If you “love” it because it’s cheap, you don’t really love it.

/If you “love” it because it’s cheap, you don’t really love it.

Interesting look at how food dubbed “ethnic” tends to be under-priced in comparison to “European” cuisines.

The article is US-centric, but I’ve seen the same thing in effect here, particularly with regards to the giant bucket of cuisine that’s generally referred to as “Indian”. If you don’t believe me, try and drag your friends to a $30-a-main regionally specialist South Asian restaurant sometime and see how hard they complain about it. Particularly if they can’t find butter chicken on the menu.1

On the other hand, mid- to high-priced South-East Asian is more acceptably hipster here, particularly if it’s branded as “modern”, so… who knows. Maybe it’s a marketing thing; we need more attractive young South Asian celebrity chefs on commercial prime-time or something.

Also, for the record? After eating my way through a grotesque number of Michelin-starred restaurants, I still think high-end French cuisine sucks. Yeah. I said it. Come fight me.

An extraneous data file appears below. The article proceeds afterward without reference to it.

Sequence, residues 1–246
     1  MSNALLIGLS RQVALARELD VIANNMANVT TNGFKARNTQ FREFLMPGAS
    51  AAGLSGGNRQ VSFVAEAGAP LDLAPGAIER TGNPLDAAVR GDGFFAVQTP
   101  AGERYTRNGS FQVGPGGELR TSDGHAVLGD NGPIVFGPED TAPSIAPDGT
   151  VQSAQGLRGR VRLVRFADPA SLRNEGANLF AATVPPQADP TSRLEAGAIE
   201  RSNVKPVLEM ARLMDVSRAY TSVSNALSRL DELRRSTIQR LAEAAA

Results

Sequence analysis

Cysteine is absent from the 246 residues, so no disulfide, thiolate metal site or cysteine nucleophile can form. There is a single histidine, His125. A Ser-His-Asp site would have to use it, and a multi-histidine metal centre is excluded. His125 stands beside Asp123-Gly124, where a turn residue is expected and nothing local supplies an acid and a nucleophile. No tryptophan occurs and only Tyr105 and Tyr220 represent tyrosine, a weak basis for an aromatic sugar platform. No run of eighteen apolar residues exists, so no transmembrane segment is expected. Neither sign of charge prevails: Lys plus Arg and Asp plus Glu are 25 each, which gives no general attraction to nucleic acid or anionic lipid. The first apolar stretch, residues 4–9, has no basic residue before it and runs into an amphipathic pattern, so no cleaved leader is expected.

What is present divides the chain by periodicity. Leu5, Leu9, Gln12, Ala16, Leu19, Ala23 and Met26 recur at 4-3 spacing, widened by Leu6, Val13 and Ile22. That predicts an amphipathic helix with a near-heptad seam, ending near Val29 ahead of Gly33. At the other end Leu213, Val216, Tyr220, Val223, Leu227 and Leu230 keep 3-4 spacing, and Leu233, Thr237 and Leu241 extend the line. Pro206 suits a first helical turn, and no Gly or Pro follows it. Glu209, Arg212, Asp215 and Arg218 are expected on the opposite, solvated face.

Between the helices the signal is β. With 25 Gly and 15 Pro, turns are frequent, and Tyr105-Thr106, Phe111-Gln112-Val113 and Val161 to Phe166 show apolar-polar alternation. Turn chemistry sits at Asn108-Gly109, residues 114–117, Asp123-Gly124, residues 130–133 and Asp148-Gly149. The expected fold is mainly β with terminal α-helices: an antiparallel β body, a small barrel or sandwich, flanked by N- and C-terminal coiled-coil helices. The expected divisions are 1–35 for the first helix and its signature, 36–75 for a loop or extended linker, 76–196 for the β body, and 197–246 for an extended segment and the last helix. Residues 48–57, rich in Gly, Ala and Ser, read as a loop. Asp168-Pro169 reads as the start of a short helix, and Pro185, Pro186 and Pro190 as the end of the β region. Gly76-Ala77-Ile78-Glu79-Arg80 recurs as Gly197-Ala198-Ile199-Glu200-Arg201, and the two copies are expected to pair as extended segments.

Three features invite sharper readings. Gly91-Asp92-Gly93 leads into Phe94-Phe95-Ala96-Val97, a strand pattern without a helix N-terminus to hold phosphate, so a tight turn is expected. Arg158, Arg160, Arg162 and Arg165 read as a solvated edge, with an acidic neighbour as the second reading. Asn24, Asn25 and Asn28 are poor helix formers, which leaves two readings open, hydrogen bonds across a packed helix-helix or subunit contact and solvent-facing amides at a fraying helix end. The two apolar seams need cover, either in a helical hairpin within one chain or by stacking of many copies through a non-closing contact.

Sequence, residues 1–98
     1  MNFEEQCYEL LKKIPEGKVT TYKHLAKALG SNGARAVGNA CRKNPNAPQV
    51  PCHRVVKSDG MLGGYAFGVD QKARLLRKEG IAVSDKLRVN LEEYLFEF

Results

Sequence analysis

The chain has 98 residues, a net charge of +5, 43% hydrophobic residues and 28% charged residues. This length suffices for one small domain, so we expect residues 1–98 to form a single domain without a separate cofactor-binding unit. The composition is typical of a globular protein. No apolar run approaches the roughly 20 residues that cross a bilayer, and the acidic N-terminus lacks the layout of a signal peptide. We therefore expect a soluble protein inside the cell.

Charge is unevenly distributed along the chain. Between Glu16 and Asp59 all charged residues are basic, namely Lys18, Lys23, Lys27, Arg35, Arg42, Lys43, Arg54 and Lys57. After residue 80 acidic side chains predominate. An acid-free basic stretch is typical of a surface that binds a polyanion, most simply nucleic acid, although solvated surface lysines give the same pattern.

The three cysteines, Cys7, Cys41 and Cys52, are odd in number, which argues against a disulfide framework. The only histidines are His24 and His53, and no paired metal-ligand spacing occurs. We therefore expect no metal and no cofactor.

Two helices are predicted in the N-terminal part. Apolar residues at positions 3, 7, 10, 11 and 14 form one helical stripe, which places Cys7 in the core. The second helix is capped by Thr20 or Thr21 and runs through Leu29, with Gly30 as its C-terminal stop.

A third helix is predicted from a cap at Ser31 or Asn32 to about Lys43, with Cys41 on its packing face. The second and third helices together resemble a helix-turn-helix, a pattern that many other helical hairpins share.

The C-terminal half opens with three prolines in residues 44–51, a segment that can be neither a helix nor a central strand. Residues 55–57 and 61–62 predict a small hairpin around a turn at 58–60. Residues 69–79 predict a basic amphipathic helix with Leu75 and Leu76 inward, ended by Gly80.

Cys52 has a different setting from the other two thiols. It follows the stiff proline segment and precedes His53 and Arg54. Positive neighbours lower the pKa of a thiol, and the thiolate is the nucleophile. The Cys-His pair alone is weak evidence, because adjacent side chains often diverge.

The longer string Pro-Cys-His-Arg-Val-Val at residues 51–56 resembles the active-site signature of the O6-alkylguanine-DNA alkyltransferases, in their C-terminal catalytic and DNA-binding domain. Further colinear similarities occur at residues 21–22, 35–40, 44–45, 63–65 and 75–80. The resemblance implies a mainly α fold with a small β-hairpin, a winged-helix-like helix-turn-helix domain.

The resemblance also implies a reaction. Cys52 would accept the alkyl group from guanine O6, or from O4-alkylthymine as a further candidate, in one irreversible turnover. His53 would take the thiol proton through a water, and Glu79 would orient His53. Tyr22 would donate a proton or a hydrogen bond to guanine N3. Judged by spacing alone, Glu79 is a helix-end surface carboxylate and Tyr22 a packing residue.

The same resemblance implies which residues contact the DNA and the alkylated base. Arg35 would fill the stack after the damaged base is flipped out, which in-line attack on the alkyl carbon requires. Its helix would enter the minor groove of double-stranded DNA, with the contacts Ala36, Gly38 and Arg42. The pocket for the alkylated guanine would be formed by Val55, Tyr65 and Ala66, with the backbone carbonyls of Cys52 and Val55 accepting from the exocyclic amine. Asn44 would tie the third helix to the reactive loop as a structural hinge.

1. Disclaimer: I quite like butter chicken, though my Problematic Fav is chicken tikka masala, i.e. the only decent national food Britain has ever produced. ^
2018-04-27T13:58:53+00:0012th January, 2017|Tags: food|

2 Comments

  1. Vickie 12th January, 2017 at 9:17 am

    High-end French cuisine sucks +1! I don’t like to pretend to eat!

    When the boyfriend and I started dating he said one thing being single sucks is not being able to go to fancy high-end restaurants. Little did he know he still wouldn’t be able to bring anyone to fancy high-end restaurants. (He’s a good cook, though, so it all worked out in the end. I think.)

    • Alis 28th January, 2017 at 11:39 am

      You might be thinking of Nouvelle Cuisine rather than “French” per se; it was a type of French cooking that was big in the 80s, and is the stereotypical “tiny food” people think of when they think of “fine dining”. Ironically, it was actually heavily influenced by Japanese cuisine. It’s not really common any more; if you’re at a place that has seemingly small portions it’ll almost certainly be because you’re supposed to order more of them than you are (i.e. like a tasting menu of 6-9 courses).

      Super-fine-dining modern “traditional” French isn’t all that easy to find, particularly in Australia (French/Asian fusion styles are more common), because I think it’s considered a bit old fashioned. Personally I don’t really like it because it tends to be very heavy and a bit… three-note, where those three notes are “butter”, “truffle”, and “foie gras”. I mean, don’t get me wrong, I like butter… just not like, six courses of it. >_>

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